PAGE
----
Sep 012017

A Cat with a Renal Mass

Case Information

A 13-yr old female spayed domestic longhair cat presented to the oncology service at Cornell University Hospital for Animals for a renal tumor. The cat presented to the regular veterinarian with a 2-week history of progressive hyporexia, suspected weight loss and intermittent vomiting. On physical examination by regular veterinarian, the cat was noted to have bilateral renal enlargement, hypercalcemia and azotemia. At that time, renal neoplasia was discussed and supportive care was provided. Vomiting resolved with supportive care, but the cat continued to be progressively anorectic and continued to lose weight.

On presentation to Cornell, the cat’s temperature, respiration and heart rate were within normal limits. The cat was quiet, but alert and responsive, with a body condition score of 3/9 (cachectic). On abdominal palpation the right and left kidneys were moderately and mildly enlarged, respectively. A complete blood count revealed a mild normocytic normochromic non-regenerative anemia (RBC 6.5 mill/uL [reference interval 6.9-10.1 mill/uL]; MCV 48 fL [reference interval 40 – 52 fL]; MCHC 33 g/dL [reference interval 32 – 35 g/dL]), consistent with anemia of chronic disease, and a moderate thrombocytopenia (92 thou/uL [reference interval 195-624 thou/uL]). Serum biochemical testing revealed a moderate azotemia (urea nitrogen 74 mg/dL [reference interval 16 – 36 mg/dL]; creatinine 1.8 mg/dL [reference interval 0.6 – 2.0 mg/dL]) interpreted as a renal azotemia, moderate hypercalcemia (16.4 mg/dL [reference interval 9.1-10.9 mg/dL]) with a moderate increase in ionized calcium (2.25 mmol/L [reference interval 1.11-1.38 mmol/L] with a concurrent mild hypophosphatemia (2.6 mg/dL [reference interval 2.7-6.2 mg/dL]), mild proportional hyponatremia and hypochloremia (sodium 150 mEq/L [reference interval 151 – 158 mEq/L]; chloride 112 mEq/L [reference interval 113 – 123 mEq/L]), interpreted as fluid losses (likely renal) with water replenishment through drinking. There was mild evidence of muscle injury (creatine kinase 735 U/L [reference interval 73 – 388 U/L] and AST 65 U/L [reference interval 15 – 44 U/L]). Concurrent liver injury could not be ruled out, particularly as the cat had very mildly alkaline phosphatase activity (85 U/L [reference interval 13 – 83 U/L]).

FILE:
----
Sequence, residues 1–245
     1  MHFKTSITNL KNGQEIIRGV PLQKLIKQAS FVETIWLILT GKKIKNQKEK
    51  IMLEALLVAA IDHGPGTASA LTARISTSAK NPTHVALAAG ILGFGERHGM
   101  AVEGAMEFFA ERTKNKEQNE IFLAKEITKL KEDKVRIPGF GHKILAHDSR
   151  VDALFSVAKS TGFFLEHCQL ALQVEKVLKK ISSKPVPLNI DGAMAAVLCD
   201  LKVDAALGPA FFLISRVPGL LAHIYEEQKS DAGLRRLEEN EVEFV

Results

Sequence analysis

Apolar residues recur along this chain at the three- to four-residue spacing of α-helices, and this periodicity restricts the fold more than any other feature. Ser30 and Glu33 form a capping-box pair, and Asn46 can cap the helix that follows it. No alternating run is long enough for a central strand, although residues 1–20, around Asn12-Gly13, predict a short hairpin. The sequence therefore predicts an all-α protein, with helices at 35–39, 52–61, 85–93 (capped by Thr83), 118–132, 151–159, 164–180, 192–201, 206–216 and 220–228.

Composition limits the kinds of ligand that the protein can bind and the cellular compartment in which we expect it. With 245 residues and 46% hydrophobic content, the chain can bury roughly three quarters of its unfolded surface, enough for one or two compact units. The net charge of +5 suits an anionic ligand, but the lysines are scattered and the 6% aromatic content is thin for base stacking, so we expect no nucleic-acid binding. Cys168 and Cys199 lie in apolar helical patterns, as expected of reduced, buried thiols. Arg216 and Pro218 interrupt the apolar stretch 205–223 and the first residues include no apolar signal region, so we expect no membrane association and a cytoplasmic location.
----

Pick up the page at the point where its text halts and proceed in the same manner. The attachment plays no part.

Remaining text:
Abdominal ultrasound revealed a mass in the right kidney and extending into renal vessels, that was lobulated and heterogeneous. A fine needle aspirate of the mass was performed. Evaluate the photomicrographs of the fine needle aspirate and answer the following questions:

Figure 1A: Fine needle aspirate of a renal mass (Wrights stain 20x)

Figure 1B: Fine needle aspirate of a renal mass (Wright’s stain 20x)

Figure 1C: Fine needle aspirate of a renal mass (Wright’s stain 50x)

  1. What uncommon findings are present in the fine needle aspirate of the renal mass?
  2. How would the hypercalcemia be explained in this case?

Answer on next page

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